Now in its sixth edition, Clinical Periodontology and Implant Dentistry is the must-have resource for practitioners specialising in periodontal care and implant dentistry. The chapters have been extensively revised with 40% of the content new to this edition. Maintaining the widely praised two-volume format introduced in the previous edition, the editorial team has once again brought together the world s top international specialists to share their expertise on all aspects of periodontology, periodontal health and the use of implants in the rehabilitation of the periodontally compromised patient. Seamlessly integrating foundational science, practical clinical protocols, and recent advances in the field, Clinical Periodontology and Implant Dentistry, Sixth Edition enhances its stellar reputation as the cornerstone reference work on periodontology.

For more information please click on:


Title Index:


Part 1: Anatomy

Part 2: Epidemiology

Part 3: Microbiology

Part 4: Host Parasite Interactions

Part 5: Influence of Occlusion

Part 6: Periodontal Pathology

Part 7: Peri-implant Pathology

Part 8: Tissue Regeneration


Part 9: Examination Protocols

Part 10: Treatment Planning Protocols

Part 11: Initial Periodontal Therapy (Infection Control)

Part 12: Additional Therapy

Part 13: Reconstructive Therapy

Part 14: Surgery for Implant Installation

Part 15: Reconstructive Ridge Therapy

Part 16: Occlusal and Prosthetic Therapy

Part 17: Orthodontics and Periodontics

Part 18: Supportive Care


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The complement system and its role in the pathogenesis of periodontitis: current concepts.


Periodontitis is a highly prevalent inflammatory disease in tooth supporting tissues, induced by bacteria growing in a biofilm on tooth surfaces. Components of the complement system are present in the periodontal tissue and the system is activated in periodontitis. Continuous complement activation and modulation by bacteria within the biofilm in periodontal pockets, however, may enhance local tissue destruction, providing the biofilm with both essential nutrients and space to grow.
A more profound understanding of the mechanisms involved in complement-derived tissue degradation may facilitate the development of new treatment concepts for periodontitis. Further studies on the role of complement in periodontitis pathogenesis may also contribute to the understanding of why some individuals fail to resolve periodontitis. Here, we review evidence that links complement to the pathogenesis of periodontitis with an emphasis on interaction of complement with bacteria from periodontitis-associated biofilm.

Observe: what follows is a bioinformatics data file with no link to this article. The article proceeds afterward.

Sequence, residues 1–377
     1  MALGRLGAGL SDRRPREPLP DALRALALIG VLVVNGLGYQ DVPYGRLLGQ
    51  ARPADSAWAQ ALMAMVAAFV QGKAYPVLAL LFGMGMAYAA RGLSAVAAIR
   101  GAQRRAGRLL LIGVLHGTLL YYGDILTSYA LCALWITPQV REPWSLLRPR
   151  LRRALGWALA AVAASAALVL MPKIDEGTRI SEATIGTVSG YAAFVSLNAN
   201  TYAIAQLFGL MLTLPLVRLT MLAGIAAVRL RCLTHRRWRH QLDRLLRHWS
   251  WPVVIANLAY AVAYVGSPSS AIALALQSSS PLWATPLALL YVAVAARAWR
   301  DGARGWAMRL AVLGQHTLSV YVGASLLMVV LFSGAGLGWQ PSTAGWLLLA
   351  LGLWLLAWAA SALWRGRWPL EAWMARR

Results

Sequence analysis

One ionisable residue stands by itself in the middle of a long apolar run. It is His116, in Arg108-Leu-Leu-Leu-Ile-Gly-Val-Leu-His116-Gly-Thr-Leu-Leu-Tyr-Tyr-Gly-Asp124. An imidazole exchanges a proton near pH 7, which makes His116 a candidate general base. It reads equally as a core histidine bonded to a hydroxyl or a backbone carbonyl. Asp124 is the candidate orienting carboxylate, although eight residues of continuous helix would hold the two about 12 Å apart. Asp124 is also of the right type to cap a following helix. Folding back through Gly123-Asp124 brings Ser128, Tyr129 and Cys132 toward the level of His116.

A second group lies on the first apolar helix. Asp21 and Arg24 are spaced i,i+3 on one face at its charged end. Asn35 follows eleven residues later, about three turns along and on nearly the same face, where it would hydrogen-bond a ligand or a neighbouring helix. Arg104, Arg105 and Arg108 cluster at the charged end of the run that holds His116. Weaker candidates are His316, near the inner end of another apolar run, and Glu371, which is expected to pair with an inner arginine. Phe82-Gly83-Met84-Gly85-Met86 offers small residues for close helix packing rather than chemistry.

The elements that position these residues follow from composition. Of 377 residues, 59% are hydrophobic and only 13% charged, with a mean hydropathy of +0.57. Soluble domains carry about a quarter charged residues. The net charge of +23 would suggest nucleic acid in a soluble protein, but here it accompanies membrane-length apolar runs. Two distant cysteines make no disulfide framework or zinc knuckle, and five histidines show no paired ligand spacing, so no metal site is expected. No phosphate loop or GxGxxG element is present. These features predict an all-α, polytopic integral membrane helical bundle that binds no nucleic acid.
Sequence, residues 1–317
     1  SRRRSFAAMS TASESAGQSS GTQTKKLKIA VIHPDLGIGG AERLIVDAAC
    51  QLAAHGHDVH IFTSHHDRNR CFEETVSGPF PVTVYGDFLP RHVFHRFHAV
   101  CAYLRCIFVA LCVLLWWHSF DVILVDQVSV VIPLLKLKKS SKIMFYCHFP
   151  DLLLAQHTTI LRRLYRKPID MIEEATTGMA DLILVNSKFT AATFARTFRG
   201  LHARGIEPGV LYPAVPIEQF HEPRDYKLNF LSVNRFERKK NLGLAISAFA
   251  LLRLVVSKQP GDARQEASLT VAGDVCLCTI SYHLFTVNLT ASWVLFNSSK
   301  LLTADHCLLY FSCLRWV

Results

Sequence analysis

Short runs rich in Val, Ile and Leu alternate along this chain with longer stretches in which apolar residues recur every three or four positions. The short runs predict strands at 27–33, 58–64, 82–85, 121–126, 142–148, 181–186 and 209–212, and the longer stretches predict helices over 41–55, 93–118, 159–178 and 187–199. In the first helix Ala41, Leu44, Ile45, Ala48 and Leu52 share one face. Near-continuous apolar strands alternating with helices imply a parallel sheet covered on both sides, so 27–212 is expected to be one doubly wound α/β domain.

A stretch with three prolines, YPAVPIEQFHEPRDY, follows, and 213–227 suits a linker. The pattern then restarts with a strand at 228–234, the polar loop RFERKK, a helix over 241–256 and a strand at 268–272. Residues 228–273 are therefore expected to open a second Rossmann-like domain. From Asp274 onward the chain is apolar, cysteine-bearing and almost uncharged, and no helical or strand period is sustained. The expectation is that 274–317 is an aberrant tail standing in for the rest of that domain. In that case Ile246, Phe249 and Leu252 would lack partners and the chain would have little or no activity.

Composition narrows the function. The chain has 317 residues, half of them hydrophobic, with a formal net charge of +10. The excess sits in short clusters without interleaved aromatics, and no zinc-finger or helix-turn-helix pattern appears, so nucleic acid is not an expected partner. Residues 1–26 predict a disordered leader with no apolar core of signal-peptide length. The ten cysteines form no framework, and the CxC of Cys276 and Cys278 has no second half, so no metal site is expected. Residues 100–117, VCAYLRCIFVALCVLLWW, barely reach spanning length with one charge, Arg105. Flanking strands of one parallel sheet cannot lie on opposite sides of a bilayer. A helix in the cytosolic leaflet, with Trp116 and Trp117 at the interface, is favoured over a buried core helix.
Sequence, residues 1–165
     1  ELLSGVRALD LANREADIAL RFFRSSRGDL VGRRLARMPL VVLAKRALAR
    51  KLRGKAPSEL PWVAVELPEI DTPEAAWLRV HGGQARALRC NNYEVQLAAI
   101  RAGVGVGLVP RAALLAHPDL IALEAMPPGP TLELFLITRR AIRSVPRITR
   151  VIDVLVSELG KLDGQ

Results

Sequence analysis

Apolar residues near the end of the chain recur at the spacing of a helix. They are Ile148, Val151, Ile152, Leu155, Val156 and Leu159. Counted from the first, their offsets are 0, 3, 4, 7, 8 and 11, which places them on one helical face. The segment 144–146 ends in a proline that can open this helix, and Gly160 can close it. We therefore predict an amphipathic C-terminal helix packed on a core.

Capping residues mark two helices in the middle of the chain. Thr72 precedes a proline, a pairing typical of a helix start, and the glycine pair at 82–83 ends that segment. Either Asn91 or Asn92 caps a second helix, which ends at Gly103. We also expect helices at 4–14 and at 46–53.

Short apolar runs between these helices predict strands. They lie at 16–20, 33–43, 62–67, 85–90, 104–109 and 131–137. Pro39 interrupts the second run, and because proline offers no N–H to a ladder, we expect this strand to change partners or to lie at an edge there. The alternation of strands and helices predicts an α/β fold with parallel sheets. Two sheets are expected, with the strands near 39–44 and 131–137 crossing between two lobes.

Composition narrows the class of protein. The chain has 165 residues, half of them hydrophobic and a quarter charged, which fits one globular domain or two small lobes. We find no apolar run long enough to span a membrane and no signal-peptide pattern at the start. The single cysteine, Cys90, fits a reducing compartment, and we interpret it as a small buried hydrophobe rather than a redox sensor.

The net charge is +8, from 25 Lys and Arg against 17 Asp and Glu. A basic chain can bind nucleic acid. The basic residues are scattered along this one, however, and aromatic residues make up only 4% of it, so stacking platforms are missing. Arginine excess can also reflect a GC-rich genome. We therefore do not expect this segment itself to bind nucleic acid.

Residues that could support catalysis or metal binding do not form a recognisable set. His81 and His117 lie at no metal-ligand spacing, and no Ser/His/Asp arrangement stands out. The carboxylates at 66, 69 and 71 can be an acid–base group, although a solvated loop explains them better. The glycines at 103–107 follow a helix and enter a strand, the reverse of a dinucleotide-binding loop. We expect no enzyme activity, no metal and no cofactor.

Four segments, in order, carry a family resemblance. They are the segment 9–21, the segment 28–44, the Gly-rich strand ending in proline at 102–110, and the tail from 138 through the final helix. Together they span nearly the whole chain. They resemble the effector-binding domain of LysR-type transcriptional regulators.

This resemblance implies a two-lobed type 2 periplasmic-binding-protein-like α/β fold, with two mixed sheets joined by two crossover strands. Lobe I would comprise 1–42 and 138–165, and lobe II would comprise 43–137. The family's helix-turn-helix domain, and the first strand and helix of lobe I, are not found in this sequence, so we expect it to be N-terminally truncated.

© 2014 John Wiley & Sons A/S. Published by John Wiley & Sons Ltd.

Kilde: http://www.ncbi.nlm.nih.gov/pubmed/25040158


Viable bacteria associated with red blood cells and plasma in freshly drawn blood donations.



Infection remains a leading cause of post-transfusion mortality and morbidity. Bacterial contamination is, however, detected in less than 0.1% of blood units tested. The aim of the study was to identify viable bacteria in standard blood-pack units, with particular focus on bacteria from the oral cavity, and to determine the distribution of bacteria revealed in plasma and in the red blood cell (RBC)-fraction.


Cross-sectional study. Blood were separated into plasma and RBC-suspensions, which were incubated anaerobically or aerobically for 7 days on trypticase soy blood agar (TSA) or blue lactose plates. For identification colony PCR was performed using primers targeting 16S rDNA.


Blood donors attending Capital Region Blood Bank, Copenhagen University Hospital, Rigshospitalet, Hvidovre, Denmark, October 29th to December 10th 2013.


60 donors (≥50 years old), self-reported medically healthy.


Bacterial growth was observed on plates inoculated with plasma or RBCs from 62% of the blood donations. Growth was evident in 21 (35%) of 60 RBC-fractions and in 32 (53%) of 60 plasma-fractions versus 8 of 60 negative controls (p = 0.005 and p = 2.6×10-6, respectively). Propionibacterium acnes was found in 23% of the donations, and Staphylococcus epidermidis in 38%. The majority of bacteria identified in the present study were either facultative anaerobic (59.5%) or anaerobic (27.8%) species, which are not likely to be detected during current routine screening.


Viable bacteria are present in blood from donors self-reported as medically healthy, indicating that conventional test systems employed by blood banks insufficiently detect bacteria in plasma. Further investigation is needed to determine whether routine testing for anaerobic bacteria and testing of RBC-fractions for adherent bacteria should be recommended.


Kilde: http://www.ncbi.nlm.nih.gov/pubmed/25751254

Differentiation of salivary bacterial profiles of subjects with periodontitis and dental caries.


Bacterial profiles of saliva in subjects with periodontitis and dental caries have been demonstrated to differ from that of oral health. The aim of this comparative analysis of existing data generated by the Human Oral Microbe Identification Microarray (HOMIM) from 293 stimulated saliva samples was to compare bacterial profiles of saliva in subjects with periodontitis and dental caries.

Kilde: http://www.ncbi.nlm.nih.gov/pubmed/25854857